So that your next serial email does not become/reported as spam.

... actual experience from emailing hundreds of thousands recipients

Sequoian

February 24th, 2017

Maria ,


It is a very generic question and everyone answering here is correct but the success rate depends on what your company is trying to sell via email marketing. I have run teams selling services to products and used many mode including email marketing and success is greatly depended on what you are selling and your segment.


Having a great database of people whom your client things potential many not be the right potential segment always. Trying different time, subject etc. will help a bit but not a whole lot if your product does not fall into a category of instant action. For example say I am selling for t-shirts for an ecom company (a call to action now will work) but if i am selling a software product which is say 2000 USD per license , this approach will not work.


Again reachout to as many people on email to get message out is not effective either. I get atleast 10 emails every day of some company or other trying to sell me something. I rarely read them as first glance i know if its a spam or not.


Metin Emenullahi Humanizing web security.

February 17th, 2017

I recently did mentoring on growth hacking and early marketing to a second year startup, who, without any marketing campaigns, just by launching the product on play store, accumulated 33K active, 100K total users over 2 years.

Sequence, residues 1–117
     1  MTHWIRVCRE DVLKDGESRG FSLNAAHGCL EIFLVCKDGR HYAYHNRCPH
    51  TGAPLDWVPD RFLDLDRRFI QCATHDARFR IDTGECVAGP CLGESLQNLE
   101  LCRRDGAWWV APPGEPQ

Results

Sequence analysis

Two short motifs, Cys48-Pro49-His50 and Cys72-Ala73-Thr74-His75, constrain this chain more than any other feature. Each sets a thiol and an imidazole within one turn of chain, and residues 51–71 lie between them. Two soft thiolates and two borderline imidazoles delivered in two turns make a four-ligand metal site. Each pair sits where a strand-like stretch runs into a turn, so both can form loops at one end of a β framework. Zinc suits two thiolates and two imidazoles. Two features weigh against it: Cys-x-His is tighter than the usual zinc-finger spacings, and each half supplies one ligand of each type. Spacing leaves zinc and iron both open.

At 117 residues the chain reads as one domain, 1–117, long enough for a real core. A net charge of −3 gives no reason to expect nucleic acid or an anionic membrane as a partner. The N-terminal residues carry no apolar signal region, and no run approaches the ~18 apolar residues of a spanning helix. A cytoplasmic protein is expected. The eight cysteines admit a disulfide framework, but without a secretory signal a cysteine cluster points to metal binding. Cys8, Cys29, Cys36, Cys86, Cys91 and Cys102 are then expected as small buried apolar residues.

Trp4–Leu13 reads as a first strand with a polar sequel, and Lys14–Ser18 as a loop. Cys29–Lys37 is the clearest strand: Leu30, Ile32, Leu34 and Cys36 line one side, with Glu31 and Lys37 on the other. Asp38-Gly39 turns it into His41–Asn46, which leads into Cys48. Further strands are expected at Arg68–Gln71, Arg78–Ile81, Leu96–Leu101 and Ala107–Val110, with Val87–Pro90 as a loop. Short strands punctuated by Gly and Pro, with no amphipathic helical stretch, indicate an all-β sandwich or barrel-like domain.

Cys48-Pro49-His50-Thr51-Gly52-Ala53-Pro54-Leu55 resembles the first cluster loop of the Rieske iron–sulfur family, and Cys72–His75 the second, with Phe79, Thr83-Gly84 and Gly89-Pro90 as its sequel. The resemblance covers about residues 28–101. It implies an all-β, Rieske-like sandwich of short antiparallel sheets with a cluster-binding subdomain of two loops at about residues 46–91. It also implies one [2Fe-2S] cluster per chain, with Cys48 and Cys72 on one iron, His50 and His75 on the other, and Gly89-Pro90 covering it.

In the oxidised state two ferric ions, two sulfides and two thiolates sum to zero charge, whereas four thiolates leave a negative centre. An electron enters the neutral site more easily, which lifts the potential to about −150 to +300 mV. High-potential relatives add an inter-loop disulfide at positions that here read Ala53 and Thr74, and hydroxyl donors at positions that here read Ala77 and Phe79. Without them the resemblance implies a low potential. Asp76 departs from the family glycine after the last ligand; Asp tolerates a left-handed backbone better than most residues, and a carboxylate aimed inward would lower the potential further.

I advised them to create a community and attract users there first before showing them the product. So we created community, we sparked the first communication between the community members and as a result around 600 people gathered to community in the matter of three weeks.


During this time, we sent notifications, emails, facebook posts, youtube videos, instagram posts and etc. to stack up content, to attract people, and most importantly to convince the actual target segment inside that 33K to come join our community. Our main message was "Come join, share, learn". Right now these marketing stuff is part of the culture of that startup, they follow the exact steps, when they launch a feature, or when they do campaigning and etc.


Time:

As for the timing, you definitely need to know when to push what but you don't need a lot of testing actually. Focus on your personas, what they do in which time during the day? Ask this question over and over again, and you'll come up with an answer.


Structure:

I'm not in favor of cold, text-only emails, which are not readable, requires a lot of time to skim/read, and tire up the eyes. My advise is to create email templates matching the brand's identity. Forget about subject lines of 90s: "Don't miss this out", "This is your last chance". Too long, too obvious, too cheesy. Create separate email templates for different purposes such as "Feature Template", "Campaign template", "Holiday template", "Personalized emails template" and etc. Depending on your personas, you may need to send different types of emails on different times of the day or days of the week.


Finally, IMO, early-stage or not these things have to be part of company culture and have to be focused the minute development starts. They don't have to adopt all marketing techniques in one sitting but they need to start with most important one first and focus on it.